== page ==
Rich and Poor Have Same Economic Views
Public opinion surveys show that rich and poor share similar viewpoints on how the government should spend its money.
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With the financial crisis weighing on everyone's minds, many debate whether our government's economic policies cater to the rich over the poor.

But a new study finds it would be impossible to serve only one socioeconomic group, because people's preferences tend to be overwhelmingly similar when it comes to how the federal government should spend its money.

"Even if government wanted to respond only to the interests of the rich, it couldn't, because the rich and the poor tend to share similar political viewpoints — at least on economic issues," said North Carolina State University political science researcher Chris Ellis.

Ellis and Joseph Ura, an assistant professor of political science at Texas A&M University, analyzed data from the General Social Survey on public opinion of government spending from 1973 to 2006. They found that, overall, the country would sway from being more fiscally conservative to more liberal, but that these trends occurred across all socioeconomics groups. In general, both rich and poor responded to changes in the nation's economic health, or the actions of the federal government, in broadly similar ways.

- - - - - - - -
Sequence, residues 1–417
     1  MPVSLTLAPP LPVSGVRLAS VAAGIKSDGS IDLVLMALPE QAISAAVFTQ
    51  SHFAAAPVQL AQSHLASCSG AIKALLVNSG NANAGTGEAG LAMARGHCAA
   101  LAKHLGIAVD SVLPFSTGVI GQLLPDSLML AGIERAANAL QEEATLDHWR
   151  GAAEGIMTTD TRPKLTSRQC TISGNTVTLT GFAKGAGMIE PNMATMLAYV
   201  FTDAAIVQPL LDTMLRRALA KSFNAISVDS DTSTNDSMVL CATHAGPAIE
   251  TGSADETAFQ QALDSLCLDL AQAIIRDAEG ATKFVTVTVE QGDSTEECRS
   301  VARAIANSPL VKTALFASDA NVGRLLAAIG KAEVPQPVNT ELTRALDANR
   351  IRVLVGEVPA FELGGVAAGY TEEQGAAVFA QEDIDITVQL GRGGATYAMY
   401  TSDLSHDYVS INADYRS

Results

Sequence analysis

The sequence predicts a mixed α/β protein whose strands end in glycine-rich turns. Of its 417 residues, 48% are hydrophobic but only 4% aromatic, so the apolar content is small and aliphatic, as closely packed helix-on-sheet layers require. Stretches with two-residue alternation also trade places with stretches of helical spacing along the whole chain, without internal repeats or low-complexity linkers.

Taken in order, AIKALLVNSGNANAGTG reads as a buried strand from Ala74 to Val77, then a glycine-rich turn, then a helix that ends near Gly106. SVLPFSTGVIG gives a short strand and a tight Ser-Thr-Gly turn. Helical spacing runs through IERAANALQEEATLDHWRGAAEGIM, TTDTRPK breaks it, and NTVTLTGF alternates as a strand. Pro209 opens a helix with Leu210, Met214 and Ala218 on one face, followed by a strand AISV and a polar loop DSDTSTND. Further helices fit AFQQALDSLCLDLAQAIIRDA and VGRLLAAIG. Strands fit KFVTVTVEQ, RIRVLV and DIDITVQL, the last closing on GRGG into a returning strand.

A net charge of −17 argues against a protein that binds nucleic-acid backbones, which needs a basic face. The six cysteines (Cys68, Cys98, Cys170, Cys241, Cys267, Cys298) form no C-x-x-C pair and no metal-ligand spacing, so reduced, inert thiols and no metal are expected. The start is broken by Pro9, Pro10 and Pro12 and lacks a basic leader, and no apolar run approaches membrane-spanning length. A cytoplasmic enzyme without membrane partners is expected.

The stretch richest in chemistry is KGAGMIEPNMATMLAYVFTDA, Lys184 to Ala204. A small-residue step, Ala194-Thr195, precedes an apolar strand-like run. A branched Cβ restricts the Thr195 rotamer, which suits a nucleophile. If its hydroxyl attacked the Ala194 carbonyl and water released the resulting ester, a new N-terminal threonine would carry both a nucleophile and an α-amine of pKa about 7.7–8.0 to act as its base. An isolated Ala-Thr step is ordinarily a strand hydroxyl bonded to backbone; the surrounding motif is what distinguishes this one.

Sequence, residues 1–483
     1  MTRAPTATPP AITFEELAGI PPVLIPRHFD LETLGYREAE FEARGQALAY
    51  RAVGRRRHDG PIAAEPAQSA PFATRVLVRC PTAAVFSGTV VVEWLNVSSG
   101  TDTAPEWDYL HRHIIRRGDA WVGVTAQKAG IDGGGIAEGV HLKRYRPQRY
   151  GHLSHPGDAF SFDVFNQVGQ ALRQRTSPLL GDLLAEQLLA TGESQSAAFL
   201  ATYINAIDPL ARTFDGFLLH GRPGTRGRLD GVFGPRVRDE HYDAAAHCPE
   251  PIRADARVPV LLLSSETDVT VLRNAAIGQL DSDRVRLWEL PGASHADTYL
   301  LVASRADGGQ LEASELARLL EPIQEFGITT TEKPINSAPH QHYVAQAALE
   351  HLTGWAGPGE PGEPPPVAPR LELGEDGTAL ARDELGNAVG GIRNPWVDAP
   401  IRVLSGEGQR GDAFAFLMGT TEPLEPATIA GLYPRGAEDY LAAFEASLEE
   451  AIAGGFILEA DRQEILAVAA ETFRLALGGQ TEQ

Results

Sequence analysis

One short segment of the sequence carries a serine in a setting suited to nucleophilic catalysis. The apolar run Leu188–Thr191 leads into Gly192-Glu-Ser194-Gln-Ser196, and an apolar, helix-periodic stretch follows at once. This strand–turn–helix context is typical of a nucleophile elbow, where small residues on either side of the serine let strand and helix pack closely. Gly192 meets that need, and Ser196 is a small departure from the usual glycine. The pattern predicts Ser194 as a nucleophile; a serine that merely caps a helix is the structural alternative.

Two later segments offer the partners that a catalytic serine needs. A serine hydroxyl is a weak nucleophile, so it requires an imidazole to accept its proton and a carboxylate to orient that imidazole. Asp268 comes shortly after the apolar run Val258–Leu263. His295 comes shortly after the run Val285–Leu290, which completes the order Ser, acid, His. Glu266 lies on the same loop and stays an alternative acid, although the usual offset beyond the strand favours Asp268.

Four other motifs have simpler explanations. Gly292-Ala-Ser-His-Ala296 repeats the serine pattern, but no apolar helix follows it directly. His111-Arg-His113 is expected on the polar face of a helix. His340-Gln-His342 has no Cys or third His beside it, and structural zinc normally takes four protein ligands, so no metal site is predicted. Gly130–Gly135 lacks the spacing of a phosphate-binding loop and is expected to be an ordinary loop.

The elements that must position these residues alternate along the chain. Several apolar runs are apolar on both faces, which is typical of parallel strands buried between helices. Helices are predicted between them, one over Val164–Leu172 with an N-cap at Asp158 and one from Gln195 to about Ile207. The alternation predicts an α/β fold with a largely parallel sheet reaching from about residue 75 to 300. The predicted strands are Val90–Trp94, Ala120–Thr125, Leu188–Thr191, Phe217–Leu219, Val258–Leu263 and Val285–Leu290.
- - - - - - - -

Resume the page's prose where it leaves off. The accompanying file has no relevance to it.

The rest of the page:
For example, the public's views of how the federal government should spend money on education, health care and the environment are similar regardless of socioeconomic level. Social issues, such as abortion, were not considered in the study.

The researchers concluded that the federal government acts on the desires of all income groups either because it can't tell the difference between the preferences of the rich versus the poor, or because politicians wish to serve the public as a whole. The study was detailed in the Oct. 3 issue of the journal Political Science and Politics.

"This does not mean that the government is actually acting in the best interests of the poor, only that what the poor want is similar to what the rich want in terms of how the government appropriates its funds," Ellis said.